Workshops

Capacity building workshop for teachers at Mumbai
23 April 2012



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Venue: IES School, Vashi, Navi Mumbai

Objectives
This Teacher's capacity building programme was organized as a part of the Climate EduXchange programme, a TERI-DELL initiative. Climate EduXchange is a web based environmental education programme on the topic of Climate Change. The project aims to facilitate the networking of students and teachers across the country so that they can exchange information and experiences on the issue of climate change and thus contribute to their collective learning. The project is currently being implemented in 12 cities (Shimla, Chandigarh, Delhi, Jaipur, Mumbai, Pune, Bangalore, Mysore, Chennai, Pondicherry, Hyderabad and Medak) targeting around 400 schools across the country. School teachers from Mumbai that are part of the project were invited for the capacity building programme.

Indian Education Society, Vashi is one of the few green schools in Mumbai who have opted for cleaner technologies like Rain-water harvesting, compost pits, CFL bulbs and Herbal garden within the school. The teachers of this school share a deep interest in promoting and maintaining herbal/organic gardens and have managed to develop a small area within the school where they are growing leafy vegetables such as amaranthus, coriander, fenugreek, Indian spinach and lettuce, gourds, root vegetables such as carrot, onion, garlic and ginger. Similarly, a variety of fruit plants including mango, custard apples, banana and guava are being grown here.

The aim of this programme was to give hands on training to the teachers regarding the growing and maintenance of the herbal/organic gardens.

Profile of Participants
A total of 14 teachers from six schools across Mumbai attended the teachers' capacity building programme. They were joined by two TERI coordinators-Siddharth and Pallavi.

Details of the Teachers Capacity Building Programme
We were greeted by Ms Manorama Pani, coordinator and teacher from IES School, who is engaged in maintaining herbal gardening for the last three years. We followed Ms Pani as she took us on a guided tour through the herbal garden and later had a brief dialogue with the teachers. She explained that the first and the foremost requirement to develop an organic garden is the space for the garden. If open land is the problem, one can go for container gardening, using the available material around the school - the planter boxes, troughs, hanging baskets, barrels, clay pots, ceramic pots, paint tins. She also explained how compost makes an excellent potting soil. She suggested that one can buy the compost (organic manure) and supplement it with kitchen waste and all other possible organic wastes around the house, which will decompose. The next point Ms Pani stressed on was regarding the rotation of crops to ensure enrichment the soil, reduce the continuity of pests and diseases etc.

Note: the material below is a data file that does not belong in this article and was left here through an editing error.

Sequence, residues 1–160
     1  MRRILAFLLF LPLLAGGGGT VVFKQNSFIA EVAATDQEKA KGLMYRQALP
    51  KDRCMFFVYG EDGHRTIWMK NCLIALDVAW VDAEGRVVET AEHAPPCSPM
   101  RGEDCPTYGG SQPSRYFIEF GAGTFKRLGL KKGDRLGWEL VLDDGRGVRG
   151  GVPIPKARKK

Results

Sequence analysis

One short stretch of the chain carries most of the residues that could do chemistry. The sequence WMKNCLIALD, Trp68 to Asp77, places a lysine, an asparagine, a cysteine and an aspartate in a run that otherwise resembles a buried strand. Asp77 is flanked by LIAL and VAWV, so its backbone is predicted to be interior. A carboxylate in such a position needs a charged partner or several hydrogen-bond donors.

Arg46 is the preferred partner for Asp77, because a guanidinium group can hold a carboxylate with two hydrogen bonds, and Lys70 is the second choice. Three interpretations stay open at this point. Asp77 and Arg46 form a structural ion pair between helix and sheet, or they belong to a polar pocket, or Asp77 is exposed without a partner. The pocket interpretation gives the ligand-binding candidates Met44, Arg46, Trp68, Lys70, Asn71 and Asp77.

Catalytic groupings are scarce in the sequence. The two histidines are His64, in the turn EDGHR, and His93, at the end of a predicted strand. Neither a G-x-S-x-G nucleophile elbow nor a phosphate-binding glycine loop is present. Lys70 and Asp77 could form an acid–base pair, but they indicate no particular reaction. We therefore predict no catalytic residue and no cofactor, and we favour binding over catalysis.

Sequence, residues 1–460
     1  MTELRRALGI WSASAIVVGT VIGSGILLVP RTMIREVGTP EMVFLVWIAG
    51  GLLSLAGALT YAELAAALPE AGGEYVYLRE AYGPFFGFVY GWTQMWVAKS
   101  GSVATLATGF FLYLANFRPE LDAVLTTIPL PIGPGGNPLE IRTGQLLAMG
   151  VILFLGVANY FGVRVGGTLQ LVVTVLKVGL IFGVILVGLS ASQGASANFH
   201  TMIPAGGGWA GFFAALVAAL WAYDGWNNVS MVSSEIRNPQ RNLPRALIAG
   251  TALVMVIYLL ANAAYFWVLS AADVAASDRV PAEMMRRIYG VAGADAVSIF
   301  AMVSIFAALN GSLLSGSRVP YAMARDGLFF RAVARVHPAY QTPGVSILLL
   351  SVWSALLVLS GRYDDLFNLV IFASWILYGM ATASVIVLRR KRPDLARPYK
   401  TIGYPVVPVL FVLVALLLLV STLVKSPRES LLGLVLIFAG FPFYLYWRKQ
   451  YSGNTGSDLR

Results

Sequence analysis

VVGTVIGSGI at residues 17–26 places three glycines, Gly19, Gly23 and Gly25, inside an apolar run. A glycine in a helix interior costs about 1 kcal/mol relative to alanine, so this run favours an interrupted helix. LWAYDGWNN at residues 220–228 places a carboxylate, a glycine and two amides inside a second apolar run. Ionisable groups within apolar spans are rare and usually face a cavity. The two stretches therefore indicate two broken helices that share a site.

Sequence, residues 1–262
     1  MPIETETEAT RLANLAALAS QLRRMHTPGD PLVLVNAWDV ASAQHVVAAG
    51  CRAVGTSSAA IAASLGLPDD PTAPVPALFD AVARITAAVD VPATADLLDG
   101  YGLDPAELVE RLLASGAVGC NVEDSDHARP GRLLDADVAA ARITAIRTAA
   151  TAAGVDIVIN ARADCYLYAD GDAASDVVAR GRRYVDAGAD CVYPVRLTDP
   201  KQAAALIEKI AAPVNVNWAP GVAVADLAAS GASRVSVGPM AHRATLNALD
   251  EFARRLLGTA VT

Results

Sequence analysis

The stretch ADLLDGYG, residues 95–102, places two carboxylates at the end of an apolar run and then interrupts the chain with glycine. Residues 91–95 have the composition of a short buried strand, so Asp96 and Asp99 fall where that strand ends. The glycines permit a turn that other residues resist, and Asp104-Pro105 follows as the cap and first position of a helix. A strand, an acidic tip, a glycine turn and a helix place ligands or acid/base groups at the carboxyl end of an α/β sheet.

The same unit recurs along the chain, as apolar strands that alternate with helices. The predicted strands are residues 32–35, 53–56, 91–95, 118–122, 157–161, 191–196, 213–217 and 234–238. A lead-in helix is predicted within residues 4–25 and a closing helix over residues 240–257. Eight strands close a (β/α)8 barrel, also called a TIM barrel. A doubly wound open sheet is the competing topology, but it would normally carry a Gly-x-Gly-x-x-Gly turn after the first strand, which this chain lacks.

A lot of interesting green ideas came up during the discussion which schools can easily apply that will aid the environment. These ideas were:

Bio purification of waste water
Students will be working on a project to re-route the waste water from one of school tap to containers with Canna (Canna indica) plants having biopurification properties and the recycled water will be stored in a fish tank with guppy fishes to prevent mosquitoes and ultimately use for gardening.

Recycling of old furniture into compost boxes, bird's nest and potted plant stand: Students will work on a project to make use of compost boxes, birds nest and stand for plotted plant from discarded old furniture. They will have hands on experience on composting, watching and study birds.

Recycling of plastic bottles into Self Watering Container:
This programme is to make a type of terrace garden using used plastic bottles which will act as a temperature cooling device for houses in the building. It makes use of a plastic bottle which is otherwise called garbage and is also harmful to nature. Therefore it helps to reduce the garbage generated through plastic bottles. When temperatures soar the pipes in the building expand causing cracks in the cement. Therefore in the monsoons the water gets into houses causing water leaks and other related issues. One can prevent this by using a group of self-containers on a terrace to cultivate plants.

Conclusion
The teachers' capacity training programme conducted at IES Vashi school provided information and knowledge about the importance of the Organic Garden's and a firsthand experience on how to grow and maintain them. After all with the pressure on farmlands and its rising cost in the urbanization process, there is hardly any space to have a garden. This is where organic farming in the limited available spaces is important.